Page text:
John Turturro: Not just a gigolo

Actor and director John Turturro plays a florist turned sex worker – and Woody Allen his pimp – in his new film. He talks to Tara Brady about giving screen time to a character who can do anything with his hands


John Turturro is from New York. You don’t need me to tell you that. He has that hurry in his voice and that restlessness in his posture. Subway fumes run through his veins and stop signs flash behind his eyes. Turturro was born in the vast borough of Brooklyn and then moved to Queens. Mom was a jazz singer and Dad worked as a carpenter. You don’t get more old-school than that.

If we were in any doubt about this, then Fading Gigolo would surely set them aside. Turturro is still best known as an actor: star of endless Coen brothers films and quite a few by Spike Lee. But he has also been busy as a director. Fading Gigolo is his fifth feature and it throbs with Brooklyn rhythms.

“There were so many worlds in there,” he raves. “I could have had a lot more worlds in there too. I wanted to touch upon certain socioeconomic groups and religions. I’m just trying to represent a little bit of the city as I know it – as I see every day.”

We get you. The film stars Turturro as an ordinary florist who, one day, hears an unexpected proposal from a local bookshop owner. Perhaps he would like to try his hand at being a gigolo. It all goes well and this hitherto ordinary fellow finds himself moonlighting in the world’s oldest profession.

“Look, sometimes the things you see in New York are so crazy and unusual and unbelievable that it’s quite a job making those things credible,” he says. “Even though they exist.”

So, this really happened?

“The character I play is based on a guy I know who is the most confident man I know.” Turturro laughs. “He can do anything with his hands. Anything. Build a house. Do plumbing, cooking, electrical.”

Fading Gigolo’s big selling point is that it features a rare performance by Woody Allen in a film not directed by Woody Allen. The living legend plays the old chum who ends up becoming the hero’s, well, pimp, I suppose.

Turturro and Allen are both Brooklyn boys, albeit from different generations. They must know one another.

“My haircutter told him I wanted him to play a pimp,” he explains. “My haircutter, Anthony, is also Woody’s haircutter. So he told Woody to call me. The first thing he said was . . . ”

He drops into a perfect impersonation of the Woodster. “‘So, we share a haircutter. Huh, huh?’ Actually, he really liked the idea. The haircutter is in Manhattan. But he’s from Brooklyn and Woody’s from Brooklyn. So it’s kind of a Brooklyn story.”

As Turturro suggests, Fading Gigolo is promiscuously stuffed with New Yorkers of all faiths and backgrounds. A subplot features Liev Schreiber as a figure in the Hasidic Jewish community. One assumes that, growing up as an Italian kid in Brooklyn and Queens, Turturro swam in the metaphorical melting pot.

“I grew up in a black neighbourhood. And then I moved to a neighbourhood that was Irish, Italian and Jewish. And, you know, at that time we’d all be friends, but the Italian and Irish guys would have fights all the time. And if you went out with an Irish girl it was kind of considered to be intermarriage. But then people get to know each other.”

Turturo showed promise early on and went to study Theatre Arts at the State University of New York before moving on to the eye-wateringly prestigious Yale School of Drama.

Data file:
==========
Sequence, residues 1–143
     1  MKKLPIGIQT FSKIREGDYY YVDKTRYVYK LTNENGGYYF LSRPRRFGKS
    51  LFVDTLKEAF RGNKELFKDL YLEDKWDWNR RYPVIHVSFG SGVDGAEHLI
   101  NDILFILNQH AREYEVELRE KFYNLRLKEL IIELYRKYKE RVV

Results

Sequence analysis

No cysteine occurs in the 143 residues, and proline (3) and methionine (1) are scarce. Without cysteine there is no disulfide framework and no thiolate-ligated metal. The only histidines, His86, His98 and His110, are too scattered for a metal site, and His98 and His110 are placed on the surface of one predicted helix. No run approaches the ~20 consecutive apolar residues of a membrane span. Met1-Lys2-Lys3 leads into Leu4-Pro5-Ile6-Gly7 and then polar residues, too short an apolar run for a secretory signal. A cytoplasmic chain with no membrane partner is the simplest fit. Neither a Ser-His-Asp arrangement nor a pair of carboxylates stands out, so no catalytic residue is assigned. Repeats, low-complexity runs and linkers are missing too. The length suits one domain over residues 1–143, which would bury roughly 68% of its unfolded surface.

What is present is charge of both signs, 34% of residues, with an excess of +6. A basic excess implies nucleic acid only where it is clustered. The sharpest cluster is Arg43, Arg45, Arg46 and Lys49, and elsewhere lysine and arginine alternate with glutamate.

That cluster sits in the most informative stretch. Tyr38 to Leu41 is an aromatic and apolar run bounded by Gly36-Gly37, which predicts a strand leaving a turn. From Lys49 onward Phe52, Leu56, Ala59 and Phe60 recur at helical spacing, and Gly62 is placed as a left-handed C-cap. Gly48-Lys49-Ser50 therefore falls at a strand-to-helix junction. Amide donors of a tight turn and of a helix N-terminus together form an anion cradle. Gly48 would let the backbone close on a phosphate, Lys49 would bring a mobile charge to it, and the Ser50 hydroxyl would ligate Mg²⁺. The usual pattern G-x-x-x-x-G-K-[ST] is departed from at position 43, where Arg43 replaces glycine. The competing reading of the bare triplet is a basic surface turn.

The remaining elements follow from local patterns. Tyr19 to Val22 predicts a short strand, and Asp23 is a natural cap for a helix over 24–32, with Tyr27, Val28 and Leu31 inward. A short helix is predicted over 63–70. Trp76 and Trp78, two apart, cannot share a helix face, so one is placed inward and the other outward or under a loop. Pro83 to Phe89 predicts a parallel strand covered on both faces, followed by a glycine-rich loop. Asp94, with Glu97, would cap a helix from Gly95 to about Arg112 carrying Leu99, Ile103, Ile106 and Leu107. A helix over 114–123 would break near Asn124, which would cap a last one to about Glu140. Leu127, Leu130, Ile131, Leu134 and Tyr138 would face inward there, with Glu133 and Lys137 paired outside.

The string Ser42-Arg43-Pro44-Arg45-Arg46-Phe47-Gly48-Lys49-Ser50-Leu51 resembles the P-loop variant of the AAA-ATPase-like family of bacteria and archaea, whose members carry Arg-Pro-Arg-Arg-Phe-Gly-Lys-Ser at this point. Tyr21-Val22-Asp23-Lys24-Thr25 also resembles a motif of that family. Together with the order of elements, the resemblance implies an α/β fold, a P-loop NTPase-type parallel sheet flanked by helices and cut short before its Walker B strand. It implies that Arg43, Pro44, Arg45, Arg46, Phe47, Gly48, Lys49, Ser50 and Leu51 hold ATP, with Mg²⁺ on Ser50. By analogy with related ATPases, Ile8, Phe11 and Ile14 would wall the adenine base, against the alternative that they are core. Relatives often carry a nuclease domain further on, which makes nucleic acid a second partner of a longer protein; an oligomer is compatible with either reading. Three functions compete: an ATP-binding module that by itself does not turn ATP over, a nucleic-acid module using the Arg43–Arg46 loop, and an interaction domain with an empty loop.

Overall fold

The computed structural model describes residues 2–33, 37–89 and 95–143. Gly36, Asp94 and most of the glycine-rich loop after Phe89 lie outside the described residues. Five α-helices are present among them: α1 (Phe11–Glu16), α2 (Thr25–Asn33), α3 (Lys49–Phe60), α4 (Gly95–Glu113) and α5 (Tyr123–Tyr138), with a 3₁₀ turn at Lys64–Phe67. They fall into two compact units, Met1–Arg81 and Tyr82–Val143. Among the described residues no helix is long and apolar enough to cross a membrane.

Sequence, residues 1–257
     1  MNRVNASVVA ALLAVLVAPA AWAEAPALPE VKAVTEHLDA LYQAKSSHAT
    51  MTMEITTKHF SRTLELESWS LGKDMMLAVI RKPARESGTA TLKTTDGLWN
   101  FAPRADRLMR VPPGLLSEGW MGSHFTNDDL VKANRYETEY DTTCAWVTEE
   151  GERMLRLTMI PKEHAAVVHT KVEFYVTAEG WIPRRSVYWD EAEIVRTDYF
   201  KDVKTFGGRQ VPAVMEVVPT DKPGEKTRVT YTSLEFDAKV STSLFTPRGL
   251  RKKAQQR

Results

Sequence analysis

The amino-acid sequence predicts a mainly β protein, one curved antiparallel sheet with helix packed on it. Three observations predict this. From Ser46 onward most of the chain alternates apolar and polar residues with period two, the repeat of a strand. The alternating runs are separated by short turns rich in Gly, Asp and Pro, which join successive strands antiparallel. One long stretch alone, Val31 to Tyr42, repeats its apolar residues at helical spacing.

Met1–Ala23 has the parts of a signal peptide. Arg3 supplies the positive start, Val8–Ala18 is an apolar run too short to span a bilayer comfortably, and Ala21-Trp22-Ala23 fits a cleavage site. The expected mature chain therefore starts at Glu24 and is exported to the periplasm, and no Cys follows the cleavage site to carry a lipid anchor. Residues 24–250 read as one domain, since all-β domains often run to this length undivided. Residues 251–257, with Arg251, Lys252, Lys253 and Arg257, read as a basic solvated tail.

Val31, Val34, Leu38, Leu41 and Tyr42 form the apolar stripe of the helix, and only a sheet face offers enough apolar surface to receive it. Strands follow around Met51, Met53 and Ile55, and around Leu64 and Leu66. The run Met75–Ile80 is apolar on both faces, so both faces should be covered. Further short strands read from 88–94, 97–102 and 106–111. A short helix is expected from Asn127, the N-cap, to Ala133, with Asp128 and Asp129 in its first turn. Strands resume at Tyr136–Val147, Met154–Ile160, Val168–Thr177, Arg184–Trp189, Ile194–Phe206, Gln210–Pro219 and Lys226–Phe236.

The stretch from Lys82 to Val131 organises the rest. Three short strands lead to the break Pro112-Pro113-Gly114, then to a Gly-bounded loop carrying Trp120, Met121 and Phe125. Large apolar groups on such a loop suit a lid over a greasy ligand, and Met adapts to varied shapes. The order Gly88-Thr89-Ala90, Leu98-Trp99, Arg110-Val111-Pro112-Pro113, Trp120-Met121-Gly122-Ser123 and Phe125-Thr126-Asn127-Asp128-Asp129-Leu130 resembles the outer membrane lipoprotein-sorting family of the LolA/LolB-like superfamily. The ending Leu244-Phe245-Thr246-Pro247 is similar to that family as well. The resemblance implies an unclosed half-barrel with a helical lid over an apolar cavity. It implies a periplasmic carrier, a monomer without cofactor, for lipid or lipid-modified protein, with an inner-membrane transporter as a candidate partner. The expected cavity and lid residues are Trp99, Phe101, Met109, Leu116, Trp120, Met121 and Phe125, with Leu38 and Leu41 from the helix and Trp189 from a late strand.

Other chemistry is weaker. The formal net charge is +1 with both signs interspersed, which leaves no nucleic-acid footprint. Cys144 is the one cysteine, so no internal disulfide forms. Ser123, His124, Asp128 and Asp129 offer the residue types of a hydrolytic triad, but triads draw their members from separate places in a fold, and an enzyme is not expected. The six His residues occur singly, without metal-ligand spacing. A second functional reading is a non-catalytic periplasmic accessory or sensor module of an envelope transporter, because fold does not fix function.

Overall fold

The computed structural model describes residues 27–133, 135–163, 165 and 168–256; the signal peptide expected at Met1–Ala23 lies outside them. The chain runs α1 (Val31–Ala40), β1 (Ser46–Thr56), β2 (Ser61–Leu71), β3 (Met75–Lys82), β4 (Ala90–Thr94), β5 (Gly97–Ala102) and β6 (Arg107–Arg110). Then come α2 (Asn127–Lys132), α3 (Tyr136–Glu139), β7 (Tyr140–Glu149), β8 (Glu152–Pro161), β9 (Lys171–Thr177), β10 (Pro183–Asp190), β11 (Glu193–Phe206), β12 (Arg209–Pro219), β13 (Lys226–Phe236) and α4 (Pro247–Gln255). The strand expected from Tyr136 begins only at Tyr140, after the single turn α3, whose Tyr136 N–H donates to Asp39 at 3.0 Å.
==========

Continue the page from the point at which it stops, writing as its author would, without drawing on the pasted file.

He had been around for a while (you can spot him in Raging Bull, Desperately Seeking Susan, Hannah and Her Sisters) before he properly caught our eye in Spike Lee’s Do the Right Thing (1989). Lee has, we assume, been an important figure in Turturro’s life.

“Ah, Spike and me are friends. We go out sometimes. But it’s only four movies I really had big roles in. The rest were cameos. He came to think of me as a good luck charm, I think. But I don’t really do that anymore. I said to him: ‘You want me to do a real role, then fine’. But we’re friends. And you can tell friends that sort of thing.”

Profiting from the boom in US independent cinema of the 1990s, Turturro went on to appear in such fine films as Miller’s Crossing, Fearless, Quiz Show and Cradle Will Rock. He is, of course, one of the funniest things in the Coens’ The Big Lebowski. But he’s not just an indie guy. You can spot him in Adam Sandler pictures vehicles Mr Deeds and You Don’t Mess with the Zohan. Heck, he’s even appeared in two of the dreaded Transformers movies. Being in those blockbusters must feel like an entirely different job.

“Working with Adam and Transfomers? It’s like you’re doing a sketch, not an oil painting. I never did those things until later on in my career. I turned them all down. But my kids wanted me to do a couple of big movies. So I thought, okay. Fair enough.”

So many film-makers and actors say that it’s still possible to make a film for nothing and to make film for $80 million, but it’s very difficult to get one made for a reasonable price. This may explain why our John now appears in the occasional blockbuster.

“Yeah, the medium-sized films that I used to make a good living from are gone. Now it’s all small films and big films. I try to do the best I can do. It’s like a little workout of a different kind.”

Less jumpy in real life, but still intense, John Turturro seems like a sincere sort of fellow. Those big movies really are the exceptions in his career. Just look at the effort he put into making sure that Francesco Rosi’s The Truce, a study of Primo Levi’s experiences after the war, eventually made it onto the screen in 1997.

“I worked on that movie, The Truce, for five years. I think it’s one of the best things I’ve ever done. But once it’s out there, somebody can discover it and be affected by it. So I don’t care if more people saw me in the stupid movie. Why would I?”

You tell ’em, John. That’s the New York way. yyy Fading Gigolo is out now and is reviewed on page 12